Happy birthday to three of my favorite puzzle people! Evad, Byron, and PuzzleGirl were all April 24 babies, as was my son. Luckily, only one of the four expects me to present him with Legos tomorrow.
Barry Silk's New York Times crossword
Apparently I shouldn't fritter away an hour on Lexulous and phone calls before making it to the puzzle, because I got trounced by Howard Barkin to the tune of 3 minutes plus, and 4 minutes plus by Dan Feyer ("fredwbear" clocked in between Howard and Dan but I don't know that I buy that 3:20 time.) I took any number of detours in this crossword—RENTA instead of ECONO [___-Car], CREW instead of NAVY for the [Sub group], LAST WEEK instead of LAST YEAR, BIOLOGY instead of ZOOLOGY for [Alfred Kinsey's field], and my favorite wrong turn, BIKINI instead of INNING for [It has top and bottom parts]. Either answer is good for that last one and they share a couple letters.
I was also looking for 18A [Running] to end with a long A sound (the answer turns out to be ON THE LAM) because it sits opposite FIND A WAY, and SUSAN DEY and ENOLA GAY ([Carrier of very destructive cargo]) are another pair of long-A rhymes.
My favorite clues and answers follow:
Answers I didn't know:
Updated Friday morning:
That rapper in the NYT puzzle, Ric-A-Che? I guess the name's supposed to be pronounced like "ricochet," but I see Che and hear the "Che Guevara" pronunciation. This puts me in mind of the little Pokemon critter called Pikachu, and I'm thinking that's not what any male over the age of 10 would wish his name to evoke.
Robert Wolfe's L.A. Times crossword
The theme doesn't seem to signaled in any way at all. Each theme entry contains an abbreviation for a road of some sort (abbreviations you'd see in a street address), but taking the place of words that aren't normally abbreviated in phrases. There's no hint that there will be abbreviations, no unifying entry whose clue explains it all. And that is why this puzzle's running on a Friday and no earlier in the week. Did you like the theme? It did not move me (or my car). Here's the theme:
Does SOEVER work for 47A: [In any way] without a preceding what? My dictionary says yes: adverb, archaic or poetic/literary, "of any kind, to any extent." Hey, how did you like 51D: [Lincoln-to-Cheyenne direction]? Four letters...hmm, that won't work for something like NNE, so what could it be? Just plain ol' WEST. I don't recall seeing a cardinal direction clued in relation to the space between two geographic points before. 7D: [Edwards who played Ben Casey] is VINCE, and I sure didn't know that one.
Mike Torch's Chronicle of Higher Education crossword, "Rock Festival"
All right! A puzzle for the geologically inclined out there! You don't see that too often. The theme answers are puns with the names of minerals (or a rock) substituted for words that sound similar:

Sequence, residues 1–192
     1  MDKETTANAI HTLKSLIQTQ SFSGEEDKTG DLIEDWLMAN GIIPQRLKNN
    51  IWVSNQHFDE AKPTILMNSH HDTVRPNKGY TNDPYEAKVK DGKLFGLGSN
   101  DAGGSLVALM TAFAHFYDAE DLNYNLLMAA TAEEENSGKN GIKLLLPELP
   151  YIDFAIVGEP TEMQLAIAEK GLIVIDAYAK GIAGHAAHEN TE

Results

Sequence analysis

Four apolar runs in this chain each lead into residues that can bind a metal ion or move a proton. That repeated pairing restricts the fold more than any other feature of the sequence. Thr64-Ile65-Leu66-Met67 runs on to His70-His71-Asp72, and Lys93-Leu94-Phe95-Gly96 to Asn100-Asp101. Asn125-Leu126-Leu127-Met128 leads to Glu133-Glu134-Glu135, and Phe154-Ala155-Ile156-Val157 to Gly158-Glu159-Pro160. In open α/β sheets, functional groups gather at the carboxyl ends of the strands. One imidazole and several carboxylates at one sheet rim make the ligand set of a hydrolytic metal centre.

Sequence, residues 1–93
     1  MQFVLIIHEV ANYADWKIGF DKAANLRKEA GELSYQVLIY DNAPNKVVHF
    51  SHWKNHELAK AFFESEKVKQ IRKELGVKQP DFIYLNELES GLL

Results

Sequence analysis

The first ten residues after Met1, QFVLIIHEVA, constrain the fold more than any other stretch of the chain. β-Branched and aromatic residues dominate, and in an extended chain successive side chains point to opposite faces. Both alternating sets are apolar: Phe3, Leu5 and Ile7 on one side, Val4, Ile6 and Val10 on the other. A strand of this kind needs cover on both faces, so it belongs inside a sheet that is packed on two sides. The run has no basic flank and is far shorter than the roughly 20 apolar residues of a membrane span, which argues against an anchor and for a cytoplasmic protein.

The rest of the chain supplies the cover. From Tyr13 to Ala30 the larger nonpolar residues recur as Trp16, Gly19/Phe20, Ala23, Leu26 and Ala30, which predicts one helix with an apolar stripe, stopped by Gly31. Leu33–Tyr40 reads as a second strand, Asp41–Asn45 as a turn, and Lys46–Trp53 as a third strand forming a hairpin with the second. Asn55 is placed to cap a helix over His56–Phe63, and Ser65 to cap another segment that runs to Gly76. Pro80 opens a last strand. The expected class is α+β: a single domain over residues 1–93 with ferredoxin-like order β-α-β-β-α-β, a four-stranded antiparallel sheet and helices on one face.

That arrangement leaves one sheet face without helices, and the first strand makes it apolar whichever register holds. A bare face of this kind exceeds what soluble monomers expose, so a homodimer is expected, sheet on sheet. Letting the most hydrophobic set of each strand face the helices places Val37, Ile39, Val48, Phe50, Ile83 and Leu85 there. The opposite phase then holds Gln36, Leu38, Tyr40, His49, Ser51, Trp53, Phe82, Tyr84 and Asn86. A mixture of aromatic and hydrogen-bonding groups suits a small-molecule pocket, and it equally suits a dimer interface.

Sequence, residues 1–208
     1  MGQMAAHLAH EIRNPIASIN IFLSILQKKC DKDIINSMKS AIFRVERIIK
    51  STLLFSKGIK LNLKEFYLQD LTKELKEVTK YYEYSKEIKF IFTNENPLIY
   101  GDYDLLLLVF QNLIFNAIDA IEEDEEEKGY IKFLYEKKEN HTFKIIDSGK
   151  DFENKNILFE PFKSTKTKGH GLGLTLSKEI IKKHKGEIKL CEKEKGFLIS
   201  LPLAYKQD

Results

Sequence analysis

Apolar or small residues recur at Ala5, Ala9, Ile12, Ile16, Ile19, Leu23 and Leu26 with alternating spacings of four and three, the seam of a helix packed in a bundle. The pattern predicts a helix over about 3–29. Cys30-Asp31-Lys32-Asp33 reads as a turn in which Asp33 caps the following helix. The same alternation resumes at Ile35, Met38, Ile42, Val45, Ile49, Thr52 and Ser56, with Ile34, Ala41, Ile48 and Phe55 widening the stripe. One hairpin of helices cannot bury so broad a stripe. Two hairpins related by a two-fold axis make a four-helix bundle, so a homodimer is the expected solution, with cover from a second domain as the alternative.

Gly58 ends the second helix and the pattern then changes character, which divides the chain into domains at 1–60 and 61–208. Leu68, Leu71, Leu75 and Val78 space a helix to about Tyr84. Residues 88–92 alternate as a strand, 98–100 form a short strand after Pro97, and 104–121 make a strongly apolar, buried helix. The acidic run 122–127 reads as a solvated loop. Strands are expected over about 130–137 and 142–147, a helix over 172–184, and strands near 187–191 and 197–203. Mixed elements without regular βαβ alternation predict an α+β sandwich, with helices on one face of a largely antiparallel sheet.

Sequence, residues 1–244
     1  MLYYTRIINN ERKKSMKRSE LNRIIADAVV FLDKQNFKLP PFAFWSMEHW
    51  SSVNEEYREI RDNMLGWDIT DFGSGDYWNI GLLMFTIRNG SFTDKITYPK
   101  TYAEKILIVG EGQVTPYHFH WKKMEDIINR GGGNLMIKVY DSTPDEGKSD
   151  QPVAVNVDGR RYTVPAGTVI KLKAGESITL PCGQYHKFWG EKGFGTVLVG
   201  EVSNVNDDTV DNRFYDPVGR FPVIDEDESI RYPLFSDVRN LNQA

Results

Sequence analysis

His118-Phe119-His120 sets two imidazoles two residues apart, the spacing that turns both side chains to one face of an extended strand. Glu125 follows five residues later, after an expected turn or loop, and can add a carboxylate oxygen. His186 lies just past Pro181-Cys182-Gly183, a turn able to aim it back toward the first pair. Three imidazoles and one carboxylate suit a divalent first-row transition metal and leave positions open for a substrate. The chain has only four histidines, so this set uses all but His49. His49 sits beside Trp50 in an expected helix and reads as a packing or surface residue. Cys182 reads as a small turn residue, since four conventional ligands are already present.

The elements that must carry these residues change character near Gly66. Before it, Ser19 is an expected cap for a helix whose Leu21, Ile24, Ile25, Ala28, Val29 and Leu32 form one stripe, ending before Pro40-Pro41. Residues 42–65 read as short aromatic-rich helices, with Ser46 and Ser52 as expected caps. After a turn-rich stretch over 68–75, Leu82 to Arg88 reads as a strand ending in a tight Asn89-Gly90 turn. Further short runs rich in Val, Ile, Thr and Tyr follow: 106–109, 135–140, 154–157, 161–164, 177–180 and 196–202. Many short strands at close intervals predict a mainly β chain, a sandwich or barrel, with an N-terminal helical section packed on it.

I did this one on paper last night while putting a birthday boy to bed, so I have no solving time to report.
Brendan Quigley's blog puzzle, "Going Through Hoops"
I finished the little bitty northwest corner, the PBJ/BOZO/JOSS stick corner, and moved along to 20A: [Sugar-covered peanuts]. Well, it doesn't take a Bostonian to know those are called BOSTON BAKED BEANS, but that wouldn't fit. It started with BOS, though, so that confirmed the answer and shouted "rebus" at me. "Hoops" in the puzzle's title? OK, so it's an NBA rebus. The other long rebus theme answers are AMERICAN BANDSTAND, which Freddy "Boom Boom" Cannon appeared on a record 110 times. Is it OK that I've never heard of him? I know only Freddie "Boom Boom" Washington from Welcome Back, Kotter. Then there's BENJAMIN BANNEKER, the [African American mathematician who purportedly surveyed the District of Columbia. There's an extra rebus in the southeast corner, with no long answer anchoring it into place; Brendan wants to know if you felt that was fair. I wasn't on the hunt for symmetry, so I didn't mind it.
Among the flashiest answers were these:
Ray Hamel's CrosSynergy crossword, "Roomful of Roses"
Ray Hamel is one of those legends in the trivia world, and this puzzle's theme answers could be a tough trivia question: "What do BETTY WHITE, the KEWPIE DOLL, the country GEORGIA, BING CROSBY, and UMBERTO ECO have in common?" The word "rose" or the name "Rose" ties them all together:
A couple of the fill answers relate to rose, too. A [Rose supporter] is a STEM. WILTS is clued [Droops, like an old rose]. And SMELL completes the phrase ["Stop and ___ the roses"]. Unusual theme but not a difficult puzzle; good fill. Two thumbs up.
Harvey Estes' Wall Street Journal crossword, "The Bases Are Loaded"
Boy, I could've save myself a lot of time and mystification if only I'd paid attention to the puzzle's title. It didn't take me forever to find the rebus square with THIRD in it, and eventually I found FIRST, but it didn't occur to me that they were in symmetrical spots and would be accompanied by SECOND base and HOME plate, the four rebus squares forming a baseball diamond. I was just thinking of ordinal numbers. 'Tis the season for baseball themes, and even without the New York Sun delivering a barrage of them, there are still so many. (Sigh.)
The long theme entries weren't straightforward answers at all, so there was a gimmick underlying the gimmick:
I'm past being out of time to blog this morning, so I'll sign off here. Hope your Friday will be unseasonably warm but not too hot!
April 23, 2009